A Federal Court judge ruled on Thursday that the federal government’s blanket ban of single use plastics was unconstitutional, but the changes may already be underway.
The designation of all “plastic manufactured items” being toxic was determined to be too broad by Justice Angela Furlanetto, but many experts say the ban of most of these products would hold up against legal scrutiny.
Environment Minister Steven Guilbeault has already said the Canadian government is strongly considering an appeal, and with the ban on certain items already coming into effect as of nearly a year ago, certain changes may remain regardless of a court decision.
Dr. Myra Hird, a professor in Queen’s School of Environmental Studies, said the overturning of the ban isn’t surprising but it really may not make a difference in the effort to reduce single use plastics.
She says Canada’s Bill S-5 receiving Royal Assent in June means that this recent overturning won’t necessarily bring these plastic products back into circulation, and changes at a consumer level may be too far along in many cases.
The shift has already begun, but this decision shows that the industry will fight back.
“Canadians are growing increasingly alarmed by climate change and consumed about it,” Dr. Hird said.
“The plastic industry is going to continue to push back on anything that tries to limit their production of plastic so there is going to be an ongoing tension between the government and industry.”
In total, all the products listed under the federal ban only account for about 5% of plastics Canadians are using.
While reduction of plastic needs to go much farther than just single use items to make a meaningful difference, Dr. Hird says the ban is important as a first step.
“It’s not going to make a dramatic impact in terms of our plastics consumption or plastic production,” Dr. Hird said.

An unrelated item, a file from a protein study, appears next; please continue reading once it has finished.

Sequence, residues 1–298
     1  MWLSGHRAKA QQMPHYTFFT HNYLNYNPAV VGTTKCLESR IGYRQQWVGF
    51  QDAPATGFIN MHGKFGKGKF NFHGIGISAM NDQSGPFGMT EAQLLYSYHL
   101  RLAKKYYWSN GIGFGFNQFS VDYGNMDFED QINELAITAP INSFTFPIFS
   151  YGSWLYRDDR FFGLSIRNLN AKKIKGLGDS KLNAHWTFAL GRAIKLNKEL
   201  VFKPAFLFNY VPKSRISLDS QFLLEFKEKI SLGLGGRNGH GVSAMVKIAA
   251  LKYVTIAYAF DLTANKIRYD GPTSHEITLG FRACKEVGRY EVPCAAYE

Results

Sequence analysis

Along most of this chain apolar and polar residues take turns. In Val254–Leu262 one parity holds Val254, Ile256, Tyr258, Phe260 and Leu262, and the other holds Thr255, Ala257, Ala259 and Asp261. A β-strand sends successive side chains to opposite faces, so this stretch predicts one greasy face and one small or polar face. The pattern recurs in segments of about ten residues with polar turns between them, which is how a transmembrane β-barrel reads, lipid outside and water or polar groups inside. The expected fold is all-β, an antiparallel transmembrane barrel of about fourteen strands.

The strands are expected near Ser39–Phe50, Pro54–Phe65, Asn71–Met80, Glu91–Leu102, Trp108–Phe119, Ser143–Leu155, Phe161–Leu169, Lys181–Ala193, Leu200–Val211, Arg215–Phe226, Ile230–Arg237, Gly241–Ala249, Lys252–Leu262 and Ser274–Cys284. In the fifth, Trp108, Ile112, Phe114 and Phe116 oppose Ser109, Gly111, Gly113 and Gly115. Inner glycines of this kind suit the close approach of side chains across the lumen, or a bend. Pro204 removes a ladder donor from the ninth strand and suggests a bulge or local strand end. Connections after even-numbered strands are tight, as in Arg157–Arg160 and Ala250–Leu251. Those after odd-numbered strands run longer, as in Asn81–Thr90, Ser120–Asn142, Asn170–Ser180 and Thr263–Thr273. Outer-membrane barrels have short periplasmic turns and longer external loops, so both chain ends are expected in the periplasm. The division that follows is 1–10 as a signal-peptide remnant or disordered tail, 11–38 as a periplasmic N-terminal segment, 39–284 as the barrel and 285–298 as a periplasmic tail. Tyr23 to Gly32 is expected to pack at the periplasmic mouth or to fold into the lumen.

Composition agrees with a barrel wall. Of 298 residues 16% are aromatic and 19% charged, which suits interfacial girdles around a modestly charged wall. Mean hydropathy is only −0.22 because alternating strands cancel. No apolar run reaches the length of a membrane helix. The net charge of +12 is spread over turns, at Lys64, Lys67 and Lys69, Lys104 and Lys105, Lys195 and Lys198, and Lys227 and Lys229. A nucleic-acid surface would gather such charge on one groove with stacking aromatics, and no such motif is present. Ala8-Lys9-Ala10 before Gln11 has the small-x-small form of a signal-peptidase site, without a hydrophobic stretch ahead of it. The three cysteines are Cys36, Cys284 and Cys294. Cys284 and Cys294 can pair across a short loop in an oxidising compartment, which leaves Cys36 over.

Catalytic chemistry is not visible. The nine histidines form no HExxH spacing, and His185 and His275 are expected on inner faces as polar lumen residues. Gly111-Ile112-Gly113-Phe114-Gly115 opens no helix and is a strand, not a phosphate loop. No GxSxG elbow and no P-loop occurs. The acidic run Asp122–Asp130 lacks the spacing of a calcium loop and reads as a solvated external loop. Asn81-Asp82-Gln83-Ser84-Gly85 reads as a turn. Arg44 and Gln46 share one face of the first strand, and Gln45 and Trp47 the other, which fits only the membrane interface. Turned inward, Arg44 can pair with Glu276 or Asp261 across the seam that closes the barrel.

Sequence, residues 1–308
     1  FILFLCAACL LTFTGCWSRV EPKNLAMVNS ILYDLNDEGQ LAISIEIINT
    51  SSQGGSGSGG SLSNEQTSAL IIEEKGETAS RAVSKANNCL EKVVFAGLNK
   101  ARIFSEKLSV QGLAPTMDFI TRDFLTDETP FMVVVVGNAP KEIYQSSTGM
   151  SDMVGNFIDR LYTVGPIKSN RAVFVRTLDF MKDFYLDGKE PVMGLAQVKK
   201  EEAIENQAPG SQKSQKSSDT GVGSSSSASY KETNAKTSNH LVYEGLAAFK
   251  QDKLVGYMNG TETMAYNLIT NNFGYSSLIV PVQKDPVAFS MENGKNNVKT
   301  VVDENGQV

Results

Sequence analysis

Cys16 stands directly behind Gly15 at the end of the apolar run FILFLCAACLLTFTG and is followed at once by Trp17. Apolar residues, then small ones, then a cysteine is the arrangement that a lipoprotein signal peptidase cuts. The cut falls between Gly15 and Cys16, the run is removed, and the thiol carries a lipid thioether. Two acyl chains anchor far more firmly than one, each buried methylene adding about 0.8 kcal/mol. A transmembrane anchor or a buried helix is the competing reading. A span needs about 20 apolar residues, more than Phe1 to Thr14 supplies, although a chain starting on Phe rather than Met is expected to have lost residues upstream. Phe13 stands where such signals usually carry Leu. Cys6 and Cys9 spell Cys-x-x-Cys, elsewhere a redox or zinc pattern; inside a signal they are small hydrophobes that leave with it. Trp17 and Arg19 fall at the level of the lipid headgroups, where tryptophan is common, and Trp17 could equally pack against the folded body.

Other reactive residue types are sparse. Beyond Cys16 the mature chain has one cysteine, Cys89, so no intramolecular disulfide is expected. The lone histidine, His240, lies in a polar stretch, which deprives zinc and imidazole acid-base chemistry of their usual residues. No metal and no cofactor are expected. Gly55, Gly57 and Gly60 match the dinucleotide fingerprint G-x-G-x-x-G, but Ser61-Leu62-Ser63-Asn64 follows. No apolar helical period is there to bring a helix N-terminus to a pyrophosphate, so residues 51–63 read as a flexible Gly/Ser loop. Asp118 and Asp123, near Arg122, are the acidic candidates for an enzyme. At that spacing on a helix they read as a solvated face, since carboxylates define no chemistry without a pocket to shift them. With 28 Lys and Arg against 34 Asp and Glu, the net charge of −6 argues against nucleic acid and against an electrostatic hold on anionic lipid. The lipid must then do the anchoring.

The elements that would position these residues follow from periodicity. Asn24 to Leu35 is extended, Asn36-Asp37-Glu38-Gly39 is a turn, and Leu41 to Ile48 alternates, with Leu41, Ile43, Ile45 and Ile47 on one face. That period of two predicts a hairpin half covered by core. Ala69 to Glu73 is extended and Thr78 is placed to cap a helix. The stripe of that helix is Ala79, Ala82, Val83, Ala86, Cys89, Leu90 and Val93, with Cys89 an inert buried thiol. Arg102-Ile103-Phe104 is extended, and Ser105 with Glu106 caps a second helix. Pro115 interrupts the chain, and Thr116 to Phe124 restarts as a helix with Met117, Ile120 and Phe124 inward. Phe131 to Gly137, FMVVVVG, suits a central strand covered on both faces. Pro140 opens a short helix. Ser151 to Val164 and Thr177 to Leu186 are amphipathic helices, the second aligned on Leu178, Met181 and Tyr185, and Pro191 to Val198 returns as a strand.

“The point is here that it’s a start, we have to start somewhere. And this is really the first legislation that we’re seeing that is really targeting plastics reduction.”
Different companies and startups are working on viable alternatives to plastics, and while the solutions aren’t yet perfect Canadians still have the means to reduce their usage.
Dr. Hird says looking at places like Europe or even North America in previous generations, the model for reduction is already there.
“We’re not starting from scratch here, we actually have a lot of examples that we just don’t tend to draw from,” Dr. Hird said.
“The thing that we have right now in our arsenal is reduction.”
Hird says while a lot of impactful change will need to come with government and industry level shifts, it’s important for people at an individual level to make efforts to reduce in order to demonstrate to lawmakers that reduction really is important to Canadians.
“What it does is it signals to our levels of government that we care about this, that we want change and that we are making changes in our individual lives,” Dr. Hird said.
“And we expect our government and we expect industry to do their part as well. It sends a very clear message to government and to industry that we want change and we expect change.”